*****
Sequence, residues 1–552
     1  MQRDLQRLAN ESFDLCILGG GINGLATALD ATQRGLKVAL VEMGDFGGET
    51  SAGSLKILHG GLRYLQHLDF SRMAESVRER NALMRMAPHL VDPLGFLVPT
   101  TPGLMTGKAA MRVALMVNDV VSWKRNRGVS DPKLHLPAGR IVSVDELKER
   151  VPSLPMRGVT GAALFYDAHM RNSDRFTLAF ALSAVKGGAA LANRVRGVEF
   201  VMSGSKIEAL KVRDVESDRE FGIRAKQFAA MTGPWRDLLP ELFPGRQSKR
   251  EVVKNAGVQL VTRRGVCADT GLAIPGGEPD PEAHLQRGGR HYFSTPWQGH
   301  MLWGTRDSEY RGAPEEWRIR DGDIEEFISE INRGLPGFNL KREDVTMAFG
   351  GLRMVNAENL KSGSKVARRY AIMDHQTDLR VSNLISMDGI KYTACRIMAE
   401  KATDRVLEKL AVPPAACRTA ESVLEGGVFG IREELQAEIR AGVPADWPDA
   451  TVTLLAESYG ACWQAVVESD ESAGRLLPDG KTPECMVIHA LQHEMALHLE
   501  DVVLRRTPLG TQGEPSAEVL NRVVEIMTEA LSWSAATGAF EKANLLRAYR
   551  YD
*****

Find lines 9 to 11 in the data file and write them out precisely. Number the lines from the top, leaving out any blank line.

   351  GLRMVNAENL KSGSKVARRY AIMDHQTDLR VSNLISMDGI KYTACRIMAE
   401  KATDRVLEKL AVPPAACRTA ESVLEGGVFG IREELQAEIR AGVPADWPDA
   451  TVTLLAESYG ACWQAVVESD ESAGRLLPDG KTPECMVIHA LQHEMALHLE